It’s not a good sign when a manufacturer conceives, designs, tests, builds, races, and sells a car—before trying to buy them all back again. Citroën did just that, when its hugely impressive BX 4TC fell well short of expectations. In racing, it arrived too late and simply wasn’t fast enough: its engine was underpowered and the hydropneumatic suspension had a difficult time coping with all that weight slung out beyond the front tires.
As groupbrally.com notes, “The BX 4TC competed in one World Rally Championship rally, suffered three mechanical failures, was rolled back onto the boat, and was never seen again in competition”. Around 60 road cars were sold, before their owners were asked to kindly, uh, have them crushed. Some did, some didn’t—if you find one, buy it, then give us a call…
Toyota Celica Twincam Turbo TA 64
FIA Homologation no.: B239
Front engine, rear-wheel-drive, rally car…in the ’80s? While we don’t think of Toyota as being behind the times, when it came to Group B, its approach (until its very successful campaigns in Group A and WRC) was to build a quick-but-strong car. Simple. Robust. It won its second race at the Ivory Coast in 1983, becoming somewhat of a specialist in longer-distance African rallies. As groupbrally.com notes, “The Celica won no less than six rallies in Africa, including three consecutive Safari rallies in Kenya from 1984 to 1986…making it the undisputed king of the desert during the Group B era”.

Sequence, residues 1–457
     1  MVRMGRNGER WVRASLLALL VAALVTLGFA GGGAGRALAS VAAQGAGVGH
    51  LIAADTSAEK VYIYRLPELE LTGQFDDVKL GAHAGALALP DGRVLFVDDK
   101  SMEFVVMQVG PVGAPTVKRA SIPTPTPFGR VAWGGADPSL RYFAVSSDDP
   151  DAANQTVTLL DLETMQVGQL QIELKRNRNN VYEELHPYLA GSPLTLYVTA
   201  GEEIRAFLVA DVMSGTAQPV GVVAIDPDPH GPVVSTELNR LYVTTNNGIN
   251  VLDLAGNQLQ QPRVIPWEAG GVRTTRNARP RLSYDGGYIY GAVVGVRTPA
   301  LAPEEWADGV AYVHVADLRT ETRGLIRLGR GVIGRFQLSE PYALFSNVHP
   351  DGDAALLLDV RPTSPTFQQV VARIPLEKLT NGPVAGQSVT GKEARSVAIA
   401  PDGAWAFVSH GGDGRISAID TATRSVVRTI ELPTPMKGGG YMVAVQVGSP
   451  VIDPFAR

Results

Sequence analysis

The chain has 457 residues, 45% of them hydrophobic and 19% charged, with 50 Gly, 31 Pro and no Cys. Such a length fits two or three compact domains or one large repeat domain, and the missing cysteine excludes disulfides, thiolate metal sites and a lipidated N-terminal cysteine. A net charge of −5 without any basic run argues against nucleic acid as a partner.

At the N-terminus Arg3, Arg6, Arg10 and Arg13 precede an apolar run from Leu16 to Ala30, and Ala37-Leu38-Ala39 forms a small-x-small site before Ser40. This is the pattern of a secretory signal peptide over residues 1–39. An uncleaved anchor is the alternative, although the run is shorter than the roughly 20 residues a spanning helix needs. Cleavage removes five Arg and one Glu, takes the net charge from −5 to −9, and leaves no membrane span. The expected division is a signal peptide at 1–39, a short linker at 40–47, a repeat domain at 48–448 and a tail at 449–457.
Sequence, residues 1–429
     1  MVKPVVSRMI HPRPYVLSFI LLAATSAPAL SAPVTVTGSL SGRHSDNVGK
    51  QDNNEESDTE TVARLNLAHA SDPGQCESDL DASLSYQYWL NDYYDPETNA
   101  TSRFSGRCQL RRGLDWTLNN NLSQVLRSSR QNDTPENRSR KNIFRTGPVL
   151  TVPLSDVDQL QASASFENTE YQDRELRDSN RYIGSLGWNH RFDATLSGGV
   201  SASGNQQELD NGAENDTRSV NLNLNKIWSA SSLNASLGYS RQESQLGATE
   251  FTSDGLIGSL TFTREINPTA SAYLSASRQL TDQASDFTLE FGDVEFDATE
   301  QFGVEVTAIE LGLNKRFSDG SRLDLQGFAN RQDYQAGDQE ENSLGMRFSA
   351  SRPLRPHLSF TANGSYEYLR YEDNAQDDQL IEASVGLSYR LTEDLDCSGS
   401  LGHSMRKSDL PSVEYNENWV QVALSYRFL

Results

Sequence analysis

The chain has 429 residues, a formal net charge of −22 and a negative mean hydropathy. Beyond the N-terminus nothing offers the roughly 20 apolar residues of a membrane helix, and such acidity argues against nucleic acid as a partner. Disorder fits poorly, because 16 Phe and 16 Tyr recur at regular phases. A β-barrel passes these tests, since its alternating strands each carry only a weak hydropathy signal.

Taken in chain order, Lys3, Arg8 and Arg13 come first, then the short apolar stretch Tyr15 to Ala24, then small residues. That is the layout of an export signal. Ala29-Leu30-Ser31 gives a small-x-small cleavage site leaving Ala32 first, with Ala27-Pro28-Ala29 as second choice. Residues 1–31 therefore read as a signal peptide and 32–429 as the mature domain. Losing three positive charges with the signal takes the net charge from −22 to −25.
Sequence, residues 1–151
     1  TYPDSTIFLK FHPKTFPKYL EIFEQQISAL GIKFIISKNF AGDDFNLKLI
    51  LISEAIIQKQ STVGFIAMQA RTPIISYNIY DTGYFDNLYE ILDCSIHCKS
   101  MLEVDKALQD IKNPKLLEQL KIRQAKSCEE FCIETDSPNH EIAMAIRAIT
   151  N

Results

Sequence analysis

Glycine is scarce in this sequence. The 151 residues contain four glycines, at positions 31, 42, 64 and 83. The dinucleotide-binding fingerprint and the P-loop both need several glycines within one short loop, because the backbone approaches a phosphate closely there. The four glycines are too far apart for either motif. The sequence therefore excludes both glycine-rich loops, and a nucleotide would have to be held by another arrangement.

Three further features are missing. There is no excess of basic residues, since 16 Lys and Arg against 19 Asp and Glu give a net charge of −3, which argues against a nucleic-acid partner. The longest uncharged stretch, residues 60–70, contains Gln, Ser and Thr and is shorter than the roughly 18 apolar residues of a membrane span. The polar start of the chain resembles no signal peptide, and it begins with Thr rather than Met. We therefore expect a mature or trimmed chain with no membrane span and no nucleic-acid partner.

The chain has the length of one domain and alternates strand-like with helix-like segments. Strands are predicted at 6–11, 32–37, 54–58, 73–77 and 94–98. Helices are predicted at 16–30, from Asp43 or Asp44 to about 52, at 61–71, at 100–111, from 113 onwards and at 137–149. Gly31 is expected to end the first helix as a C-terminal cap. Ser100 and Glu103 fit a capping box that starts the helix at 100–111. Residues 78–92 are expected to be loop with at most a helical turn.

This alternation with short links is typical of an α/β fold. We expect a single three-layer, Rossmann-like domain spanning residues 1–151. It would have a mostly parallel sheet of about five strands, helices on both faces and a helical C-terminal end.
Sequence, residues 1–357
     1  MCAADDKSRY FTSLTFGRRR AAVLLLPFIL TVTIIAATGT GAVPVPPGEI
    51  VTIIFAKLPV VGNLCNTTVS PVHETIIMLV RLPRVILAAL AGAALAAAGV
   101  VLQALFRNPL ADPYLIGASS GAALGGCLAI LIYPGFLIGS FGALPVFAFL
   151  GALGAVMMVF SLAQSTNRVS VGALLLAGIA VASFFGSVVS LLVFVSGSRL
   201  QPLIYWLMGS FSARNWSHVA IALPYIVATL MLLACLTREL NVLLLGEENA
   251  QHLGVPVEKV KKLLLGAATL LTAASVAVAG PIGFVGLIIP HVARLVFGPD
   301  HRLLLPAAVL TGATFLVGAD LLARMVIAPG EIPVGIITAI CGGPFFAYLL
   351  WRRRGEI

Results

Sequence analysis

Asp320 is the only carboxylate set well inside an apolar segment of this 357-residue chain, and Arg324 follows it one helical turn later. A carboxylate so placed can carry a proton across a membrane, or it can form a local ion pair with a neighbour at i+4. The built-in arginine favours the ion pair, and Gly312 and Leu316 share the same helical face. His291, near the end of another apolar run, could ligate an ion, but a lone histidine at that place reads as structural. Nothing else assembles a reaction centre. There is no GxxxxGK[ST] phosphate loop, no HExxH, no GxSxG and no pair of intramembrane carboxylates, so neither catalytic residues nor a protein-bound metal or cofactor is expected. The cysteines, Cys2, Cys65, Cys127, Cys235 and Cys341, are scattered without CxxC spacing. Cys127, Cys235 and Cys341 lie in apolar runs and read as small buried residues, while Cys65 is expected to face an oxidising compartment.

So why don’t you have one for hooning around in the desert?
Mazda Rally Team Europe RX-7
FIA Homologation no.: B255, B289
There wasn’t an official Group B effort from Mazda, instead, the Belgium-based Mazda Rally Team Europe took it upon itself to have the RX-7 homologated as a proper rally car. If you could have watched it race at any event, the one to be at would have been the 1985 Acropolis Rally in Greece, where it finished third with driver Ingvar Carlsson and co-driver Benny Melander, less than a minute behind the winning Peugeot 205 Turbo 16 Evolution 2 piloted by Timo Salonen.
MG Metro 6R4
FIA Homologation no.: B277